Long viewed as Spain’s "most Moorish city," Granada is now home to a growing Muslim population of Moroccan migrants and European converts to Islam. Mikaela H. Rogozen-Soltar examines how various residents of Granada mobilize historical narratives about the city’s Muslim past in order to navigate tensions surrounding contemporary ethnic and religious pluralism. Focusing particular attention on the gendered, racial, and political dimensions of this new multiculturalism, Rogozen-Soltar explores how Muslim-themed tourism and Islamic cultural institutions coexist with anti-Muslim sentiments.
Preface: Between Convivencia and Malafollá: Coexistence or Exclusion?
Introduction: Andalusian Encounters and the Politics of Islam
1. Historical Anxiety and Everyday Historiography
2. Paradoxes of Muslim Belonging and Difference
3. Muslim Disneyland and Moroccan Danger Zones: Islam, Race, and Space
4. A Reluctant Convivencia: Minority Representation and Unequal Multiculturalism
5. Embodied Encounters: Gender, Islam, and Public Space
Conclusion: Granada Moored and Unmoored
"This is a deeply engaged and timely study of the contradictions of Muslim belonging in Granada, Spain. Rogozen-Soltar’s writing bespeaks a commitment not only to the craft of ethnography but to an ethical position that endows her interlocutors with great humanity. In an era of misunderstanding and intolerance, Spain Unmoored is not only a valuable contribution to the growing literature on Islam in Europe but also a model of question-driven yet empirically engaged and compassionate research. Brava!"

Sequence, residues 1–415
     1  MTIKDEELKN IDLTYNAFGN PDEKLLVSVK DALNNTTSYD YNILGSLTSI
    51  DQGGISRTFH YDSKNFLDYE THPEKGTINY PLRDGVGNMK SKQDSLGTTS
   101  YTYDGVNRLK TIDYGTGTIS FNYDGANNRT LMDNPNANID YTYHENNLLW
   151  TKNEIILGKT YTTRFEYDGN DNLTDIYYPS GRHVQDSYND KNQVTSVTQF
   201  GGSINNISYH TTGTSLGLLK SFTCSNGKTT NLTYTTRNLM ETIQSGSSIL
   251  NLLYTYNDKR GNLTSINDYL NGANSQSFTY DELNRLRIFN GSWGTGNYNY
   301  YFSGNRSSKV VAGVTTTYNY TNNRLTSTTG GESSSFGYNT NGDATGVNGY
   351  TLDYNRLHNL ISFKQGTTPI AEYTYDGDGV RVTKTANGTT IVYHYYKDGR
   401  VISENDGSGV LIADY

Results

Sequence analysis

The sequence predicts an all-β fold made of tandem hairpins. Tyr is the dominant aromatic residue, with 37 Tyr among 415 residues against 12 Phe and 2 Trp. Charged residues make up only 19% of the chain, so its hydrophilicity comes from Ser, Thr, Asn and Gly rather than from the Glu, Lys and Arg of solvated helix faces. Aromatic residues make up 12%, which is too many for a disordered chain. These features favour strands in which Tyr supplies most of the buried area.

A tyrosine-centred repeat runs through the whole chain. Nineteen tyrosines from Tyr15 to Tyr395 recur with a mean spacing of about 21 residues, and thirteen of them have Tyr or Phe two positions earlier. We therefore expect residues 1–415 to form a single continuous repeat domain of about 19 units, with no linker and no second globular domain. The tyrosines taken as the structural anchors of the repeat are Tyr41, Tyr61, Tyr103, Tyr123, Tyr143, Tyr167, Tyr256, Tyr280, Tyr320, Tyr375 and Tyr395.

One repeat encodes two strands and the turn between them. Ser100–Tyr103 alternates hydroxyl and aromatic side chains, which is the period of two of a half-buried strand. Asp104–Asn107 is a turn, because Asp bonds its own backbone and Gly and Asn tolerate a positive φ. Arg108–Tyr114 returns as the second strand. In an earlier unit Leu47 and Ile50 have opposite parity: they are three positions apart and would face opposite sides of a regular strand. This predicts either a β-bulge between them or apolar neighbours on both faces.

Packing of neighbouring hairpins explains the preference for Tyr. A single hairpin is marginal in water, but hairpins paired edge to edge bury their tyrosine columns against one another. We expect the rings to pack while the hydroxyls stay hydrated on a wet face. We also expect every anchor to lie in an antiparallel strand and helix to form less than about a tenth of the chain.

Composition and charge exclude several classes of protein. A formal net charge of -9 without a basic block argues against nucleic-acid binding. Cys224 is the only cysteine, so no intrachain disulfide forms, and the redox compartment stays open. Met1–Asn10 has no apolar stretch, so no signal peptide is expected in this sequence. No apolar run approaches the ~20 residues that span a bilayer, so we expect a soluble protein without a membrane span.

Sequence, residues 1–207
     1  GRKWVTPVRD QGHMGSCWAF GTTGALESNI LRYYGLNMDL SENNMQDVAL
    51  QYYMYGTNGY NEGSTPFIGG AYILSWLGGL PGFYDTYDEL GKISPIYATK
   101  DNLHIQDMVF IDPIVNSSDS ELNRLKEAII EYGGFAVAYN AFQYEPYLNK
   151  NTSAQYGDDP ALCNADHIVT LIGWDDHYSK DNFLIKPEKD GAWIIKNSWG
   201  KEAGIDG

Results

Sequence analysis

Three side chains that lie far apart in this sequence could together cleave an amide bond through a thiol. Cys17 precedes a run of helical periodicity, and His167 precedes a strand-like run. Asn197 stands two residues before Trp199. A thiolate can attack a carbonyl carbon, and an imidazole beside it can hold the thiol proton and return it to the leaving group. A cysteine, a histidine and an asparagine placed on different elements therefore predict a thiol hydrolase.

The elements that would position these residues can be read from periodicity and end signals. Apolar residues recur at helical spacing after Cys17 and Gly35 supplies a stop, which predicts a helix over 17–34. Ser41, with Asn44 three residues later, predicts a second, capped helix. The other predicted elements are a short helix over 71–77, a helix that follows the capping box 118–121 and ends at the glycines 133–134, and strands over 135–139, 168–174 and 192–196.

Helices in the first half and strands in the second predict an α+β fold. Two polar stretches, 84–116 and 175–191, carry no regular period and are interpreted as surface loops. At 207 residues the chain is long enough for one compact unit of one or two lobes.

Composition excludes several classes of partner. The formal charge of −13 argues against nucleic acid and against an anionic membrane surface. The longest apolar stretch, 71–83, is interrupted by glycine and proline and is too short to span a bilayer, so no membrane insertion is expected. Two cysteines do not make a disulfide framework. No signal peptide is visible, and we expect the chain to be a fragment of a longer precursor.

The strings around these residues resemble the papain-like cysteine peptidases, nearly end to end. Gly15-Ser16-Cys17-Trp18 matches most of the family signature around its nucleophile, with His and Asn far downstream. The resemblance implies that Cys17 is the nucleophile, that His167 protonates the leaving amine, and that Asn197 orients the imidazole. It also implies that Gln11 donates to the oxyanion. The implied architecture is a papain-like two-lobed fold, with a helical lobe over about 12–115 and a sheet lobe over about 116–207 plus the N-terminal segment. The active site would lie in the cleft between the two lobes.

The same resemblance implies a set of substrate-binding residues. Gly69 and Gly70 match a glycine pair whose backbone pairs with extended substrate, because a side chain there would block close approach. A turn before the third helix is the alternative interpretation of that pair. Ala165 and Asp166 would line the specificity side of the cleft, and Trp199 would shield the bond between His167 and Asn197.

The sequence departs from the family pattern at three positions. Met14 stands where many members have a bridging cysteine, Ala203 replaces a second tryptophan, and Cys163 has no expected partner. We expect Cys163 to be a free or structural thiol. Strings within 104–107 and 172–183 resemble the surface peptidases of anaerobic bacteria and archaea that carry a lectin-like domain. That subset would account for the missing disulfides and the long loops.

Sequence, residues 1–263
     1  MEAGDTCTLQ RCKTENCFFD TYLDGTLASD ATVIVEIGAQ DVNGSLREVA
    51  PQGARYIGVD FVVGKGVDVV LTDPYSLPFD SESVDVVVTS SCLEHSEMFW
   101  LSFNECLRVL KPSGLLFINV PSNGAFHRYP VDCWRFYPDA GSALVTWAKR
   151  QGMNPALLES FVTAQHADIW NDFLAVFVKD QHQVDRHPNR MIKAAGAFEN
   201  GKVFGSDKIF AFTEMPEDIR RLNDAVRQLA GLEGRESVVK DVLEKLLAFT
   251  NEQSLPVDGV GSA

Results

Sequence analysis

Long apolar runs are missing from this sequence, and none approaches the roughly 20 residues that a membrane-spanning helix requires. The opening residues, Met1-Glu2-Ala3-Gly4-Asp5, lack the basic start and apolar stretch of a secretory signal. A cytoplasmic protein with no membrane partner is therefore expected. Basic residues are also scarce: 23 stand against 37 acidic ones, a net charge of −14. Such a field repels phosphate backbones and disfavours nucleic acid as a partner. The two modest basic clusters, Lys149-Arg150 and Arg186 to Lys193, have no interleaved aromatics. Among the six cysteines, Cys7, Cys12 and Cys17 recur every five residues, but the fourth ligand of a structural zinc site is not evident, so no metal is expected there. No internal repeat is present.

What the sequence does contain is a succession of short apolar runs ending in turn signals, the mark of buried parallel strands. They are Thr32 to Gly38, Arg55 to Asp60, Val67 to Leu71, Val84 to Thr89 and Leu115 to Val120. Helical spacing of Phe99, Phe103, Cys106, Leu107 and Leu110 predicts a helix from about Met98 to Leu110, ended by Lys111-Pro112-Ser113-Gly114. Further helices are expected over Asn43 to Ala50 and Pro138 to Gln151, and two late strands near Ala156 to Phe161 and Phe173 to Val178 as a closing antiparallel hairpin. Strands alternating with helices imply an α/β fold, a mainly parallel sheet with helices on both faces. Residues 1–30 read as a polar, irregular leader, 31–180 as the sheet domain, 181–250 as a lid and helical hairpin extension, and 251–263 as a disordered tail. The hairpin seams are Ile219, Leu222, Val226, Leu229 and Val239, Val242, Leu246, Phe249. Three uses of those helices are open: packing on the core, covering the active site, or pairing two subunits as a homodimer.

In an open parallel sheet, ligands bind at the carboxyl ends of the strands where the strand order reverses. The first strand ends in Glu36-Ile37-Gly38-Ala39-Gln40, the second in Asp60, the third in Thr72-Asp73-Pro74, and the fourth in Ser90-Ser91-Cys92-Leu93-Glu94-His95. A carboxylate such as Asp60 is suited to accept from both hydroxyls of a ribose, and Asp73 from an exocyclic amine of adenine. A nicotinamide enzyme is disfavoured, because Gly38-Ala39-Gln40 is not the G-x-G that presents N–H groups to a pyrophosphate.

Jonathan H. Shannon
Hunter College, CUNY
"An impressively accomplished ethnography of the ambivalent inclusion and exclusion of Islam and Muslims in Granada, Andalusia, Spain. Detailing a set of social encounters between migrant Muslims, Spanish Muslim converts, and non-Muslim Granadians, Rogozen-Soltar successfully charts the 'unequal multiculturalism' resulting from the peripheral city's harnessing of a historical narrative of convivencia to its claims for a privileged position within Spanish and European cosmopolitan modernity."
Paul Silverstein, author of
Algeria in France: Transpolitics, Race, and Nation
"Of all the book’s persuasive arguments, what stands out is Rogozen-Soltar’s careful engagement of the heterogeneity of Granada’s Muslim community and her attention to the ways disparity figures into Muslims’ relations with one another as much as their encounters with others. An insightful study of multiculturalism and religion in Europe, relevant to scholars, students, and general readers."